Green Homes Grant faces criticism over difficulties applying

The Environmental Audit Committee (EAC) has written to Energy Minister Kwasi Kwarteng, following its survey on early attempts to access the Green Homes Grant.

The EAC has requested details of what improvements will be made now that the scheme, which gives homeowners a £5,000 grant to fund up to two-thirds of the cost of home improvement works that aid energy efficiency, has been extended to March 2022.

The government said extending the £2 billion scheme will help more households and tradespeople benefit, as Britain builds back greener from the coronavirus pandemic. It also said the scheme creates new work for accredited tradespeople in green construction, supporting 100,000 jobs across the UK.

However, 86% of the 510 that responded to the survey, had a poor experience with the process, with just over half finding the Green Homes Grant eligibility calculator helpful.

Meanwhile, 75% of respondents found it difficult to find a TrustMark registered contractor to carry out the works, with responses describing how contractors were either unaware of the scheme or were not prepared to sign up to it.

The Federation of Master Builders endorsed this lack of engagement, indicating that the industry had not been consulted on design of the scheme.

Contractors who were TrustMark accredited for installations under the scheme have been inundated with requests, demonstrating a capacity problem which suggests the original target is at risk of not being met.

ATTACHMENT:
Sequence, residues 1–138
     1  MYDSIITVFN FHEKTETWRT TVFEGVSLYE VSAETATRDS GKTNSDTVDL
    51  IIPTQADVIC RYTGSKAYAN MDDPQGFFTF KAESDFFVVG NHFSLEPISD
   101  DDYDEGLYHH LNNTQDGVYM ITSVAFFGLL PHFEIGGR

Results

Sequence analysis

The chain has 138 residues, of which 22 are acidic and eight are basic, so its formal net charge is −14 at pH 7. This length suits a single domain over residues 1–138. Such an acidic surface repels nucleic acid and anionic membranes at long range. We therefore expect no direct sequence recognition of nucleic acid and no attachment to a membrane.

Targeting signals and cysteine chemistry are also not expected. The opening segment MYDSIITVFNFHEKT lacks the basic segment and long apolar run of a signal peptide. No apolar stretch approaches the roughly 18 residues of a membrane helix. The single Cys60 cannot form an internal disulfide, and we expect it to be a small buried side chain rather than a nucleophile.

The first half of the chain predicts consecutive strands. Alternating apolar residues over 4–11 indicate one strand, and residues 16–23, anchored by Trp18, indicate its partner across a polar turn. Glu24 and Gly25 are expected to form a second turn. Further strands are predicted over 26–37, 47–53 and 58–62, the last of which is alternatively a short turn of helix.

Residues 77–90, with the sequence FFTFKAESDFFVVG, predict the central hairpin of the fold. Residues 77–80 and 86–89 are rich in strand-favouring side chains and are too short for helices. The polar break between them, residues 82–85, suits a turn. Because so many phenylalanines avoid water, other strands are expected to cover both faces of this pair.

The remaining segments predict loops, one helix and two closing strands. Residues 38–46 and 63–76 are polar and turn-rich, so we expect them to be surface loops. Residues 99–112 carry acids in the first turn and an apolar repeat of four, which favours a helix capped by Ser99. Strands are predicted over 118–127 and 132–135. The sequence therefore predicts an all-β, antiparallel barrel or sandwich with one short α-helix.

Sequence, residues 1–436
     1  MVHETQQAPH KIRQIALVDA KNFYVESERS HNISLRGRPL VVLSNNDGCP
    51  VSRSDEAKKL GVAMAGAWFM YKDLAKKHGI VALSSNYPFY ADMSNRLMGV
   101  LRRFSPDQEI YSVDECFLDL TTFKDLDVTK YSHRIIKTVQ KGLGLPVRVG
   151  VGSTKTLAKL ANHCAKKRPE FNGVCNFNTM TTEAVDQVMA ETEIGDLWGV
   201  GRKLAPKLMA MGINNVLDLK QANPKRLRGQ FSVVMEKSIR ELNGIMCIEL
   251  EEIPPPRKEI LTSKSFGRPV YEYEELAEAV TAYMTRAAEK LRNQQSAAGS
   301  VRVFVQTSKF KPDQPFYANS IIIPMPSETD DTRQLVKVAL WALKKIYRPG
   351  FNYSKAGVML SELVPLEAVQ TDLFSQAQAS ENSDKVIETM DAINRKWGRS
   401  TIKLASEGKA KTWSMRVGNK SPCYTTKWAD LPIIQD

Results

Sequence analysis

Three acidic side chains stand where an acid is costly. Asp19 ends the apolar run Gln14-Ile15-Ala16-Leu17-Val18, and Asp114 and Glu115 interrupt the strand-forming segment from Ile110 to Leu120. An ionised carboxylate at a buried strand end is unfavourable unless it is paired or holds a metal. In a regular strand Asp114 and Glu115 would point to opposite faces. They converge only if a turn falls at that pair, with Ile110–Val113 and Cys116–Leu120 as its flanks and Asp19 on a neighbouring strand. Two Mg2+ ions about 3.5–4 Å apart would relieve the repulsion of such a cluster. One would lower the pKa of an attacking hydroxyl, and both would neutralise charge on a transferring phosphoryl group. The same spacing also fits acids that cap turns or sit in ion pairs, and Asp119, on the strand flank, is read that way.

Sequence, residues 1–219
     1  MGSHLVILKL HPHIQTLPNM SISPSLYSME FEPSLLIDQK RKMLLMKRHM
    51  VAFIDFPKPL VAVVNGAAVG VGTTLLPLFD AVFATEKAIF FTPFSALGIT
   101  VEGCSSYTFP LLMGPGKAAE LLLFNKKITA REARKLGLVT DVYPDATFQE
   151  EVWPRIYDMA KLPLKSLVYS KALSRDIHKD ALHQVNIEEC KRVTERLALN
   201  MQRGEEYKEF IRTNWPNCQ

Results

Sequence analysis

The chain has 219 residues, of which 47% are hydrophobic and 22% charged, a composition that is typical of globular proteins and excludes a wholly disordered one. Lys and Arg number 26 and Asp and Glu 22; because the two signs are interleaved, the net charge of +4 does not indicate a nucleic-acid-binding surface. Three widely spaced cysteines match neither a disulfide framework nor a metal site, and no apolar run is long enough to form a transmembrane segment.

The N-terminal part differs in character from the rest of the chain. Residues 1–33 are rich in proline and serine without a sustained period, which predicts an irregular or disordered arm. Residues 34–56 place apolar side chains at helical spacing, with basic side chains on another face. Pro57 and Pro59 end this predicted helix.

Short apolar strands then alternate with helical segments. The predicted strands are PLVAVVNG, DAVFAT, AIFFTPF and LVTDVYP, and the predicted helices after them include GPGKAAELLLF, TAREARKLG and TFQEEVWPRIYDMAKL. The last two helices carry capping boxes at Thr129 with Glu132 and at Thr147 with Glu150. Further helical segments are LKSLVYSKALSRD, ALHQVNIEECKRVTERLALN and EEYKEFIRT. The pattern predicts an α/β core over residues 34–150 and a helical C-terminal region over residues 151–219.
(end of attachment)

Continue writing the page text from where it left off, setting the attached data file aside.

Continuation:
Furthermore, after checking eligibility and applying for the grant, many people experienced delays in receiving responses to their applications leading to some quotes expiring.

At the time of the survey being conducted between 2-16 November, six to eight weeks after the scheme was launched on 30 September, only 5.6% of respondents had received a voucher for energy efficiency measures to be installed.

Many found that they were unable to install the measures they required, with confusion over primary and secondary measures (with the eligibility for the latter requiring the former to have been installed).

The Committee heard during evidence by the UK Green Building Council that there was a problem with sequencing since draught-proofing and heating controls are secondary measures, which it would be wise to install prior to putting in a heat pump.

Philip Dunne MP, chairman of the Environmental Audit Committee, said: “The government’s initiative for the Green Homes Grant should be commended. However, if we are to succeed in carrying out the amount of energy efficiency upgrades in homes that are needed, it is already clear that the scheme is not going to achieve its initial targets.

“Homes emit an astonishing 20% of the UK’s CO2 emissions, and we cannot come close to reaching net-zero without seriously addressing energy efficiency concerns in our existing building stock.

“Now the scheme has been extended, which is very welcome, I hope the government learns from this initial feedback gleaned by my Committee.

“It must make swift improvements to reviewing applications promptly; ensuring there are enough TrustMark accredited contractors; and to clear up the confusion between primary and secondary measures.”